Every year, dozens of convicted supplicants come before a stern triumvirate of Montgomery County Circuit Court judges to beg for a lighter sentence.

Virtually all the pleaders go away, if not with a reduction in their jail terms, then at least none the worse for trying.

Now comes Donald L. Hawke.

The insurance agent, who was sentenced to a one-year jail term for misappropriating at least $15,000 from the city of Rockville, recently threw himself on the mercy of the court.

The three-man panel agreed that Hawke's sentence was wrong. But instead of reducing the term, the judges upped it to 18 months in jail.

As Judge John J. Mitchell put it, Hawke "rolled his dice and came up boxcars."

Because penalties can be raised as well as lowered, requests for sentence review are gambles, but as gambles go, the odds favor the petitioner.

In Maryland's eight circuit courts in 1978, 273 people asked for lighter sentences. Thirteen petitioners received them, and though everyone else was turned down, no sentences were increased.

Last year, 251 people came hat in hand before sentence review panels in the state and only 20 were granted sentence reductions.

Hawke, the city's insurange agent and former president of the Rockville Rotary Club, was convicted last year of misappropriating Rockville insurance funds. Prosecutors said that between 1975 and 1978, Hawke billed the city for lump-sum premium payments as large as $300,000, but paid the insurance company in quarterly installments.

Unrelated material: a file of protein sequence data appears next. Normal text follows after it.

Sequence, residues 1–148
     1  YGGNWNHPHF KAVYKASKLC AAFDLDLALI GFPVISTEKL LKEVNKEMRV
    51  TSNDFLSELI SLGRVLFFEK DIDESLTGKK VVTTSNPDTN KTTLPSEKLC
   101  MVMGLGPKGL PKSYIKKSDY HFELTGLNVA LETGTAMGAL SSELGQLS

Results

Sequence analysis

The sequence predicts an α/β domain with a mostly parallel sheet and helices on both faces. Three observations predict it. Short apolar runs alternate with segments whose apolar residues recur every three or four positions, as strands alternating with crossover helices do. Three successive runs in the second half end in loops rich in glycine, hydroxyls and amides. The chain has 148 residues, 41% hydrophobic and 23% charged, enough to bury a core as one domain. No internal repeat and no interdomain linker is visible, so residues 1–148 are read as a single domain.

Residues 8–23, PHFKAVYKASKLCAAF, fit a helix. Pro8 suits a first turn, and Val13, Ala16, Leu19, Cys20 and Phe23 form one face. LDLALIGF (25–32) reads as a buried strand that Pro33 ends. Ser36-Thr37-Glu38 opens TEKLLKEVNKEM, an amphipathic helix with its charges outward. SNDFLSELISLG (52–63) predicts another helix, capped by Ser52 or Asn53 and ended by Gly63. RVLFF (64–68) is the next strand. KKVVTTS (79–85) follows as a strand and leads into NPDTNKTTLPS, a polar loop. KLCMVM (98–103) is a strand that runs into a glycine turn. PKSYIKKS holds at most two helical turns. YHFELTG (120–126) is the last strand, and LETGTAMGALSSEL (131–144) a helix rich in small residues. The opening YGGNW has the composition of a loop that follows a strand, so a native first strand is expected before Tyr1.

"He always paid the premium," said prosecutor Matthew Campbell, "but in the meantime he made money on the interest to the lump sum, and he hid the fact from the city and the insurance company."

Sentenced to a one-year jail term in September by Judge Philip M. Fairbanks, regarded as one of the more strict circuit court judges, Hawke had the misfortune to encounter a review panel that was beginning to crack down on persons convicted of white collar crimes.

"People are becoming increasingly concerned with the light-handed manner in which white collar criminals are dealt with," said Judge Mitchell, who concurred with Judges Joseph M. Mathias and Stanley B. Frosh that "crimes of greed" merited punishment as much as "crimes of need."

"White collar criminals are bleeding us just as much as other criminals," said prosecutor Campbell. "But a robber has three to four times a better chance to go to jail."

Hawke, who is free pending appeal, had asked for a reduced sentence on the grounds that he had made restitution, had dependent children and had been given an unduly harsh sentence that had devastated his business.

Although he is appealing his conviction, Hawke will not get another chance to have his sentence -- now 18 months -- reviewed.

In an interview, he explained his reaction.

"If you are a salesman, you try to get out (and sell) in this environment," the stunned Hawke said. "I was wrong and I'm going to pay my penance. But it's going to take a lot of drive, a lot of gumption and a lot of love. It's going to take every morsel to keep going."